- Since inception 3000 companies admitted to this market – Since 1995 from when the AIM (Alternative Investment Market) has been instituted, nearly 3000 companies have been admitted to it. They have been able to raise funds in total of around £60 billion. A lot of them have seen stupendous success since then and a lot of them have since closed down. However, the companies that have been able to hold on and have performed reasonably well, have brought great laurels to the segment and the indices based on it.
- Companies from around the world can seek admission – The segment is open for companies from all over the world to come and register and seek funding for their ventures and ideas. Companies from as far as South America and Middle East have come here and have tasted success. The market segment acts as nursery to nascent ideas and ventures across the world.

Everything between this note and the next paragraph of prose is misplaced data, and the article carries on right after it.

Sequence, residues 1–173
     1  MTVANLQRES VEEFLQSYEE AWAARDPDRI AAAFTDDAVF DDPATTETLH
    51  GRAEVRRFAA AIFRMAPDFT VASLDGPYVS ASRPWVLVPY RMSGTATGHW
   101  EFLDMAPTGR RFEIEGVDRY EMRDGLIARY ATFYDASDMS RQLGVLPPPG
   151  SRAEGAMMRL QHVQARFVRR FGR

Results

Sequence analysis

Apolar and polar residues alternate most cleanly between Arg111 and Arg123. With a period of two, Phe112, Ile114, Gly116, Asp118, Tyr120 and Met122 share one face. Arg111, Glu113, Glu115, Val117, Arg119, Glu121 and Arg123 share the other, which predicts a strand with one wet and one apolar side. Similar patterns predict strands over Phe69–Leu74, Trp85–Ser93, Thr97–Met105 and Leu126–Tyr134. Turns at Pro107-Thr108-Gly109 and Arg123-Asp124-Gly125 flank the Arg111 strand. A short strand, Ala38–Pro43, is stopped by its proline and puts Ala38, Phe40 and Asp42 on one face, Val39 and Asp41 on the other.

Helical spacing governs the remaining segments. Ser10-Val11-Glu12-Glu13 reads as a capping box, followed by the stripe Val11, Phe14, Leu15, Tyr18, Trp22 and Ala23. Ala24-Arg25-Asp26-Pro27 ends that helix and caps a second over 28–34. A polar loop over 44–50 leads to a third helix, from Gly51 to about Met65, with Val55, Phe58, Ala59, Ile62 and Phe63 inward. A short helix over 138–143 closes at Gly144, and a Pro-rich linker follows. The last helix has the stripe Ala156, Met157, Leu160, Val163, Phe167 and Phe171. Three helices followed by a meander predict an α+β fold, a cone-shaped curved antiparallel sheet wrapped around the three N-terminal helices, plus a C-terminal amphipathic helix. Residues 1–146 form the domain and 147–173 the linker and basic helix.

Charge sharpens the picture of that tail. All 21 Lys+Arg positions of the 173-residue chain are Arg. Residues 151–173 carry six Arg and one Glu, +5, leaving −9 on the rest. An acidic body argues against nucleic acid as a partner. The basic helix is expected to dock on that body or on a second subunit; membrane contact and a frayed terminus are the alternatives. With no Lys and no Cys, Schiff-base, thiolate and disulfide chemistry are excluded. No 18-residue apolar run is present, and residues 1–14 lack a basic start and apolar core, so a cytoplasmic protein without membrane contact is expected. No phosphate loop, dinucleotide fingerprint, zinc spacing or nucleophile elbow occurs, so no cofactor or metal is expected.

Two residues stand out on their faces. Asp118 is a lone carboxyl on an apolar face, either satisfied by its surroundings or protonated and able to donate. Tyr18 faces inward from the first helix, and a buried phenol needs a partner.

- The Index plays host to the greatest number of sectors – The AIM All Share index of the AIM market segment plays host to the maximum number of sectors compared to any other index of the London Stock Exchange. Currently, there are eighteen industry segments on the index namely , Construction and materials sector, Financial Services sector, Food & Beverages sector, Health Care sector, Industrial Goods and Services sector, Insurance sector, Media sector, Oil & Gas sector, Automobile Parts sector, the Banking sector, Basic Resources sector, Chemicals sector, Personal & Household Goods sector, Retail, Technology, Telecommunication, Travel & Leisure and the Utilities sectors.